Damp & Condensation
Condensation is the main cause of damp of mould in your home which can cause a great deal of damage.
You are responsible for reducing the condensation in your home and any mould caused by the condensation. You must also clean away any mould if it is allowed to build up.
You can lower the levels of condensation in your home by making a few easy changes to the way you use your home. Here's how you can do this:
What is condensation?
There is always some moisture in the air inside your home. Everyday activities, especially cooking, washing, having a bath or shower and even breathing causes this moisture .
Condensation is caused by the moisture in the air. When the air gets cold, the moisture condenses to form water droplets, or condensation. You can often see this on your windows in the morning.
What is mould?
Condensation can cause black mould on walls, clothes, and furniture. This may look unpleasant and have a musty smell. In really bad cases, condensation can damage plasterwork and rot wooden window frames. Airborne spores may also spread the mould to other areas of your home.
Mould often appears in places where the air doesn't move much, so you should regularly check in corners, on or around windows and behind wardrobes, sofas and cupboards for signs of mould and clean it away throughly as soon as you see it.
How to reduce condensation and mould
The best way to reduce condensation and mould is to make sure your home is well ventilated with plenty of air circulating. You should:
Make sure you always use the extractor fan in the bathroom or kitchen if there is one fitted.
Leave a window or door open when cooking or having a bath or shower to allow the moist air to escape from your home.
Try and have at least one window slightly open for most of the time – fresh air is good for everyone and reduces condensation and mould. Please remember to keep your home safe and secure, make sure you close windows when you go out and open them when you are at home.
If you have a tumble dryer this should be directly vented to the external of the building and not the inside of your home.
Make sure you dry your windows, windowsills and all surfaces made wet by condensation each morning (especially in the kitchen and bathroom). To avoid more condensation forming, wring out the cloths used for this and do not dry them on a radiator or heater.
Make less moisture
If there is less moisture in the air in your home, there will be less condensation. There are simple things you can do to reduce this:
Put a lid on saucepans when cooking to keep the steam in.
If you can, hang your laundry outdoors. This will make it smell lovely too!
If you can’t hang your washing outside, the best place to dry it is in the bathroom. Make sure you close the door and leave the extractor fan on or window slightly open whilst it's drying.
Keeping your home warm can reduce condensation, as warm air holds more moisture than cold air.
It is usually better and cheaper to have the heating on low all the time instead of short bursts of high heat.
We appreciate heating your home can be costly and keeping the heating on when you are out might seem a waste. But, if you keep the heating on low all the time, your boiler will not have to work as hard to reheat the home each time each it switches on, making it more efficient and economical.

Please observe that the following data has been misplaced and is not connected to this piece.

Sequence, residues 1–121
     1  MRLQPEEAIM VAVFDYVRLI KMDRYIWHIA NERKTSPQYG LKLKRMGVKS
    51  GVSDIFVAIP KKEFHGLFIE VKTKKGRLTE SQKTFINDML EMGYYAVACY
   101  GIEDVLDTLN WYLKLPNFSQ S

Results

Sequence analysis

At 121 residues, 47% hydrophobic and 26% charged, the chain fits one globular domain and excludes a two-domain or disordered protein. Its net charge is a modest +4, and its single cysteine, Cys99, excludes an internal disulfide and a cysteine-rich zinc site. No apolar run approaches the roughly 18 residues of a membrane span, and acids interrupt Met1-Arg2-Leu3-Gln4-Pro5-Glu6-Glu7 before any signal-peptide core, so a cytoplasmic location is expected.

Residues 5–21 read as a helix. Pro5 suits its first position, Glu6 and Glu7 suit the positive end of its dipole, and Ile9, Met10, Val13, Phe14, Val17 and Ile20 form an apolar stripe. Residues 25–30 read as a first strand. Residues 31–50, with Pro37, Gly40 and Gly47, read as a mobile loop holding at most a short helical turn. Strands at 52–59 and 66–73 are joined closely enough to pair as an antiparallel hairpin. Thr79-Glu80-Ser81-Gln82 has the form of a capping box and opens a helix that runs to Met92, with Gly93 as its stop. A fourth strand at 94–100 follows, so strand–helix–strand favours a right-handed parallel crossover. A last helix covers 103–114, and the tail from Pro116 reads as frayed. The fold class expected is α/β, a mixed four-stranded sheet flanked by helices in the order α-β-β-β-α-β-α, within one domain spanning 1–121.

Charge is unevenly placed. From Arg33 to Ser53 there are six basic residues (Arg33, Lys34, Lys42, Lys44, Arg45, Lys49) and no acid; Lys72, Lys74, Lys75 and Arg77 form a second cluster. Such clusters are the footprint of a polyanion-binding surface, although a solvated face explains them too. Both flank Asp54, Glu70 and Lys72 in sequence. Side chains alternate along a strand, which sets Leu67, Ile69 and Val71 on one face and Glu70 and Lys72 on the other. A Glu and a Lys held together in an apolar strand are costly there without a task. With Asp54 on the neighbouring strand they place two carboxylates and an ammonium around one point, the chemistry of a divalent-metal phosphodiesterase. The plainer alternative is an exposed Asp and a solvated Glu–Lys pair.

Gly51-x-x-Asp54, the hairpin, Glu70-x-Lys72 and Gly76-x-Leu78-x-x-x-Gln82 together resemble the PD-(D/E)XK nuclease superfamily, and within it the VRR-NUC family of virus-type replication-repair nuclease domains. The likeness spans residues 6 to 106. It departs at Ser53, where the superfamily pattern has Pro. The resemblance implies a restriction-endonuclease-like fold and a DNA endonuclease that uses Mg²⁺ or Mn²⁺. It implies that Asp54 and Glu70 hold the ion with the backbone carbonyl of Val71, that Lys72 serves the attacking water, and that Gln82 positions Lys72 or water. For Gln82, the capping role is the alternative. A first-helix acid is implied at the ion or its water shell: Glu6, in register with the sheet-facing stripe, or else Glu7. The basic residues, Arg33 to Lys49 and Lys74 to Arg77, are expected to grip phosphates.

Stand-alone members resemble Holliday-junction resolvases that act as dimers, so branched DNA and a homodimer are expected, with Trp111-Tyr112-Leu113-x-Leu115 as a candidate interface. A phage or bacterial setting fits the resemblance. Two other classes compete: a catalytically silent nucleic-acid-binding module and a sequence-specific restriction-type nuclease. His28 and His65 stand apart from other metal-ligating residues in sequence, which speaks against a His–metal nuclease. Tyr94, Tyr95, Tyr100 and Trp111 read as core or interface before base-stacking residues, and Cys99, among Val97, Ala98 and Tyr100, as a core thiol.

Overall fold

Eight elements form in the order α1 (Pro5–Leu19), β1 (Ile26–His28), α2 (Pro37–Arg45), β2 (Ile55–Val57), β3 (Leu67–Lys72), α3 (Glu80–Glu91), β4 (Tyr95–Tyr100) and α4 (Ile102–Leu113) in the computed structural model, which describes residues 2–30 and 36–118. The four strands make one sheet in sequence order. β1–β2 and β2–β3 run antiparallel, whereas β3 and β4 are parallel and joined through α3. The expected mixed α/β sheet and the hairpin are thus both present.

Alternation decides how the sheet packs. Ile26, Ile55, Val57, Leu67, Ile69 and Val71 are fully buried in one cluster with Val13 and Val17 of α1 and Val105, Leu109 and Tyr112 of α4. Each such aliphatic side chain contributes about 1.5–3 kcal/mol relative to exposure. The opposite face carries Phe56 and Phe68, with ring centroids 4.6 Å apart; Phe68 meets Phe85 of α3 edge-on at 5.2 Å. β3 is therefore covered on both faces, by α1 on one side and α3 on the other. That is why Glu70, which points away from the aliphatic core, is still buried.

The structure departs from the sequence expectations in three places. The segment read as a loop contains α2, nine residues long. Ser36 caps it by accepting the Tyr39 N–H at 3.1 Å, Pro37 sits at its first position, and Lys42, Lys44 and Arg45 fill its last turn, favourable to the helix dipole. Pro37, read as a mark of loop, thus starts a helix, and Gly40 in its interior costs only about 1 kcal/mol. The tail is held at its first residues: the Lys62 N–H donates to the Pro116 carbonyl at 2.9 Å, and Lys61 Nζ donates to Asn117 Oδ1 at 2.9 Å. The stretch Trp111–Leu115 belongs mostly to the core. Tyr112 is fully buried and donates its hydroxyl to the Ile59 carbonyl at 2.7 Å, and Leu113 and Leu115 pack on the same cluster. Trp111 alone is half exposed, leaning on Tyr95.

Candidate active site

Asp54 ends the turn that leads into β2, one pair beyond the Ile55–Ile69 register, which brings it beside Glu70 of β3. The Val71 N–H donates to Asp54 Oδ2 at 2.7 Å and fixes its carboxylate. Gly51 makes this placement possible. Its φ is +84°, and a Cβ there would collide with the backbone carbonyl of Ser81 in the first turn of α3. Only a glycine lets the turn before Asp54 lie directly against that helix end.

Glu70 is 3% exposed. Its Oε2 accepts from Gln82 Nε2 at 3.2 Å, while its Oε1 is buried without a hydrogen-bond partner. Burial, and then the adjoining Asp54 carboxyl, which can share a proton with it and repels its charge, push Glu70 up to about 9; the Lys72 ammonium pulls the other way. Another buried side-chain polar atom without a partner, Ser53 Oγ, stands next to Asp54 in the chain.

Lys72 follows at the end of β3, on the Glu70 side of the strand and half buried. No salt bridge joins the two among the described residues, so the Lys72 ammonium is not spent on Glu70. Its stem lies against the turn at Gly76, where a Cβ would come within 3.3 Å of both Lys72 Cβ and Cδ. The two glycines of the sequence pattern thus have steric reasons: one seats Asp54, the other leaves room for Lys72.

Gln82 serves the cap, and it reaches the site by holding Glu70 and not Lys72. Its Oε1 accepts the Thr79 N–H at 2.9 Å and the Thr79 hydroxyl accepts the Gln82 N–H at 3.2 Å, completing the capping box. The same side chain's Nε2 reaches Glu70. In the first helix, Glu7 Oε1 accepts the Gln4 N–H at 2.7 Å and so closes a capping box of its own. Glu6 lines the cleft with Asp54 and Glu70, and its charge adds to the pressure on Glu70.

If you would like advice about the costs of heating your home please contact the Energy Saving Trust on 0300 123 1234 or www.energysavingtrust.org.uk
You can remove small patches of mould with a fungicidal (mould-removing) wash. You can buy these cheaply from most large supermarkets or DIY shops. Please make sure you follow the product safety precautions carefully. You need to use a specialist product as soap and washing up liquid are not effective in killing mould.
You need to throw away the cloths you have used to clean the mould with, as they hold the spores. Wash and dry any mildewed (mouldy) clothes and shampoo carpets and sofas. Don't try to remove mould with a brush or vacuum cleaner, as this will make spores airborne and spread them further around your home.
If you need to redecorate after treating mould you will need to use fungicidal resistant paint and wallpaper paste to prevent the mould returning.
Structural (rising and penetrating) damp
What looks like ‘damp’ in walls and ceilings is normally caused by condensation. But there may be other causes:
Leaking roofs, guttering or chimney flashing (penetrating damp).
Leaking internal and external pipes (penetrating damp).
Faulty damp-proof course, rendering or brickwork (rising damp)
Damp can be recognised by the discolouration of internal walls or ceilings, the presence of tidemarks or salt deposits. It can also be identified by blown or blistered plaster (which sounds hollow when gently tapped) and rusty nails in skirting boards and floor timbers. Random damp patches to the walls and ceilings (at any height) may appear. If you think this has happened in your home then report this to us.
Please note while the structure of the building is our responsibility, if the issue is condensation then it is your responsibility to air your home and clean the mould.
How to treat and prevent structural damp
Penetrating damp should be treated by finding the reason for the water coming in and where it is coming in (e.g. a loose or cracked roof tile, or crack around a window) and undertaking maintenance repairs. Once the repair is complete, damp areas need time to dry naturally before being redecorated. Please note this could take several weeks.
Rising damp needs to be assessed by a professional surveyor and they will assess what work is needed. This may include re-plastering, rendering, waterproofing and renewing the damp course, or increasing drainage. You must make sure there are no items leaning against any external wall, including soil, rubbish, mattresses, wood and temporary structures.